Back to Basics #4: Plank

The plank is quite possibly one of the most foundational exercises out there. It teaches you how to completely stabilize the body by building tension and tapping in to multiple major muscle groups. Unlike the other movements we’ve described so far in the #BackToBasics posts, this movement is an isometric movement, meaning that you are holding a position versus moving your body or moving a weight. It relies a lot on building tension throughout the body and learning how to keep your muscles contracted for a longer period of time.The plank can be worked on either your forearms or your hands (and I’ll explain both) and can be regressed as needed, but I will just be touching upon the full movement from the hands and forearms for the purposes of this article.

Key points: The plank relies on building tension throughout the body. Begin by lying on the stomach with your feet together and either your hands directly underneath your shoulders (if you’re going to hold the plank position on your hands) or your elbows bent and directly underneath your shoulders. Press yourself up (to either your hands or your forearms) and immediately take a full body check in:
1. Your spine should be in one long neutral line from your neck all the way down to your tailbone. (don’t cock your head up or down as that would break that line)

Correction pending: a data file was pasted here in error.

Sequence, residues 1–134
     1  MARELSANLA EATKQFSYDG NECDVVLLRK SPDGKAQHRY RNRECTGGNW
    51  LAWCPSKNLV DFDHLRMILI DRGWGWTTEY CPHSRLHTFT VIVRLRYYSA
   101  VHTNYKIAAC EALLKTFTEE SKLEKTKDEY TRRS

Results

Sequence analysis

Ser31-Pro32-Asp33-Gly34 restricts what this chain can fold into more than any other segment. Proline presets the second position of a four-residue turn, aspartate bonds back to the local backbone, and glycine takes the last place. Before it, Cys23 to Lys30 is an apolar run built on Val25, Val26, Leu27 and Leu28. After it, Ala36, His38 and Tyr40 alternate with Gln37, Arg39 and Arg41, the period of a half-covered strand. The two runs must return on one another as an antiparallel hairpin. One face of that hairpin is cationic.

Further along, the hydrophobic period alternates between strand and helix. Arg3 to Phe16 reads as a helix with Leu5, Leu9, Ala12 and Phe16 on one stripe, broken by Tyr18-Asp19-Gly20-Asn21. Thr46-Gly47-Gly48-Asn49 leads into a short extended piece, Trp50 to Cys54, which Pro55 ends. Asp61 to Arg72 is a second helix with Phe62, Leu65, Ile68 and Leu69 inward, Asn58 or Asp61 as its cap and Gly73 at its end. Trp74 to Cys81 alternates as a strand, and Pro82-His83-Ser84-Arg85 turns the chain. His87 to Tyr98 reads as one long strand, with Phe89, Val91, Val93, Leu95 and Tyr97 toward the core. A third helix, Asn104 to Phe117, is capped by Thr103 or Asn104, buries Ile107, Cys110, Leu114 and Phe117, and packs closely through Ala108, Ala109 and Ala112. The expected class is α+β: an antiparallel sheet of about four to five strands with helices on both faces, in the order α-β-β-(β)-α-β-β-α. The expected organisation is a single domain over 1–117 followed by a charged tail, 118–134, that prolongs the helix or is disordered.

2. Your hands (or elbows, if you’re on your forearms) should be perfectly in line with your shoulders.
3. You should be actively engaging your lat muscles (the muscles under your armpits.
4. You should be actively pulling your belly button toward your spine to create a hollow sensation in the abdominals.
5. You should be squeezing your butt cheeks and actively pulling your hips up so they are in line with your spine – any dip in the hips will cause you to arch your back and send pressure to your low back.
6. You should be squeezing your inner thighs together.
7. Your feet should be together and you should be up on the balls of your feet.

Breathing: Since you’re trying to maintain this isometric pose and keep the tension built throughout the body, it is important to keep breathing in through the nose and out through the mouth. Your breaths may be a bit more shallow as you’re trying to maintain that built up tension in your muscles.

Muscles engaged: Almost all of the muscles in the body are actively working here! As previously mentioned, your lats, abdominals, glutes, and inner thighs should all be actively working to keep you stable in this position.

Here’s a photo of each plank variation!

Try out the plank position during your next workout! Start with 20-30 seconds, and then see if you can slowly increase your time until you can hold it for 1 full minute (or longer)!

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